“The district better hope for the best but plan for the worst,” Beck said. “There are certain districts in the area that are not able to fund particular programs because of a lot of one-time money. Well, we’re getting $10,000 per ADA, which is good, but when you look at the numbers, the expenditures are more than keeping up with the ADA, so if things go backward, then what? That’s a concern.”

Reihl went on to explain that the state has promised to get the funding back to 2007-08 levels, which were at an all time high; however, those levels are not enough.

“We’re there but, at the same time, Pers and Sters was about half of what we’re paying now,” Reihl said. “So yes, we’re at the same as in ‘07, but we have additional costs that we didn’t have back in ‘07 and ‘08. In the end it isn’t the same amount as that time.”

Reihl said that staff plans to look at teacher vacancies.

“If we’re down 70 or 60 kids, the assumption would be we need less staffing if we had fewer students,” Reihl said. “If we have a situation like we have now, if there’s vacancies and we have the opportunity to creatively do something else to still serve our kids, adjust staffing so that we don’t need to use all the positions that we have, we’ll start looking at those things, because we’re looking at the longest recovery period after a economic down turn in history.”

Reihl said staff is also looking at incentive programs to encourage attendance and looking at where students are going when they leave the district.

“It’s been a topic we’ve discussed quite a bit, how can we hold on to those kids,” Reihl said. “[We want to] look at where they’re going and see if there are programs that we can do to capture those students so they don’t leave the district, whether it’s online programs or independent study and things like that, so that way we’re not losing that ADA. It’s huge, every student in ADA is huge.”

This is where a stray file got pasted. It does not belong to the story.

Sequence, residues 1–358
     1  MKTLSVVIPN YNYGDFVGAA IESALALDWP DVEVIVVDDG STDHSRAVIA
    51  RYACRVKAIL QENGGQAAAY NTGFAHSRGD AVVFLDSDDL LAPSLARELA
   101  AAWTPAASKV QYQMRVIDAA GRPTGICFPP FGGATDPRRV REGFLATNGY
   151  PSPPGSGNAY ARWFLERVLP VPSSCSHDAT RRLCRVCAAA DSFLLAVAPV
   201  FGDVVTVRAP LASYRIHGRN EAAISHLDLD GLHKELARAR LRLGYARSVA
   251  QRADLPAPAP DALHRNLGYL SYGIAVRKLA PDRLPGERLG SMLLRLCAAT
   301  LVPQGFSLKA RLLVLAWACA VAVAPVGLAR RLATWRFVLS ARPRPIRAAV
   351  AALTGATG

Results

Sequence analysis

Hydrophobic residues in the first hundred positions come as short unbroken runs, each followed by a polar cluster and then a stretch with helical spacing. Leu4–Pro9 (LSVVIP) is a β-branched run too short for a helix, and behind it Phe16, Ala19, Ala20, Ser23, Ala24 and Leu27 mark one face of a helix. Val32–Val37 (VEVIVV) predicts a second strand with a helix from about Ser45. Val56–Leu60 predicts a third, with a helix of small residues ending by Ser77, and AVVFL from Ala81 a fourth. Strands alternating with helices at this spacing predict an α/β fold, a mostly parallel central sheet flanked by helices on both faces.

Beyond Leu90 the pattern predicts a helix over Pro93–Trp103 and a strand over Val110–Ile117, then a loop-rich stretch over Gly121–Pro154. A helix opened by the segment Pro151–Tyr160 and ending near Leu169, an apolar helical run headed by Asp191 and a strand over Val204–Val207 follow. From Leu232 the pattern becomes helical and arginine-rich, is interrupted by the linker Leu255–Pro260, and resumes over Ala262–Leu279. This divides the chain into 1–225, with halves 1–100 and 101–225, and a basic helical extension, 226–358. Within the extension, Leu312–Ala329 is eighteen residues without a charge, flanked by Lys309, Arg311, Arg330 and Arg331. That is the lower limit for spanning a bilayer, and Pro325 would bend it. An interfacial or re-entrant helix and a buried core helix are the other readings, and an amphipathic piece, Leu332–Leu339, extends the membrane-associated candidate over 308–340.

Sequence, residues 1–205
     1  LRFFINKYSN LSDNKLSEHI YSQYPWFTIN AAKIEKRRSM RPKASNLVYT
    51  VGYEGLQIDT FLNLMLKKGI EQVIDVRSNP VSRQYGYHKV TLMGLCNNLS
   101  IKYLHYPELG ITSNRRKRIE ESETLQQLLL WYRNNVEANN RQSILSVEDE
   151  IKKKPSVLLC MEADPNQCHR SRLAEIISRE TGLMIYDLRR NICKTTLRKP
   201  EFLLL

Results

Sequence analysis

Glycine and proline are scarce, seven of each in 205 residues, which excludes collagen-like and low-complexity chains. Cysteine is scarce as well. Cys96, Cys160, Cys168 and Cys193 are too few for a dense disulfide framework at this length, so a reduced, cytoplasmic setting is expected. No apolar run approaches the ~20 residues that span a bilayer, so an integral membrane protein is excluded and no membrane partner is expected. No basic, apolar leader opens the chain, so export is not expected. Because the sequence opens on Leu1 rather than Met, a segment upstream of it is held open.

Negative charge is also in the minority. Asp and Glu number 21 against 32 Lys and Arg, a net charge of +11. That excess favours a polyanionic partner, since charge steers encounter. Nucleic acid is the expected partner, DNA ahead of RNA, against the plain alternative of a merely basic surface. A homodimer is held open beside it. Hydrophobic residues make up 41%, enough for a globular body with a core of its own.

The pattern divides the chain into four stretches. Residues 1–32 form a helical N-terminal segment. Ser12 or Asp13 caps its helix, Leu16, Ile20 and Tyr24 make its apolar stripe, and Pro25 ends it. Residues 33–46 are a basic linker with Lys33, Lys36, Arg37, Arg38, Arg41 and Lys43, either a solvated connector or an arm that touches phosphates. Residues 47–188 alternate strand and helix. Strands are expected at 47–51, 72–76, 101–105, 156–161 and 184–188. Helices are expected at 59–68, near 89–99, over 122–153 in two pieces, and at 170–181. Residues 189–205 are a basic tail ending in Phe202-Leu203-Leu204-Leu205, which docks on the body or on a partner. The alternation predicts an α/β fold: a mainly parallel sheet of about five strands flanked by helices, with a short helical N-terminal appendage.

Although in a better position than other districts, employee costs take 83 percent of the budget. Spalding said that leaves very little wiggle room.

“I don’t want to paint a lot of gloom and doom, we’re in a far better position than a lot of other districts, we just need to be smart,” Spalding said.

Spalding went on to explain that it gets complicated with decreasing personnel due to declining enrollment.

“When you lose 30 kids, you have to lose a whole lot more teachers … when you’re in a layoff situation, you have to go in reverse seniority so you’re having to lay off less expensive individuals and go deeper to make that happen,” Spalding said. “That’s the piece, when it comes to finance and personnel costs, that a lot of times eludes people. When you’re in a growth mode, few kids in ADA drives the revenue; when you go the opposite way, you have to make deeper cuts to right size your situation around the kids.”

Parker Owning also advised administration to promote the schools.

“I think it would be well worth a little bit of money promoting our schools,” Parker Owning said. “I don’t think we do that enough. We have great programs at all three of our schools, we don’t promote it enough. It’s the best kept secret. I know we’re talking about spending money to save money, but I do think it would be money well spent. That could celebrate the school and get it out there on social media and to our newspapers. Being in real estate, I’m getting a lot of families that are moving from Lodi and Elk Grove, because they’re getting a lot of Stockton and Sacramento moving into their neighborhoods. So we’ve got to celebrate and promote those families and their children, and make sure they bring them to our district and not to a private school.”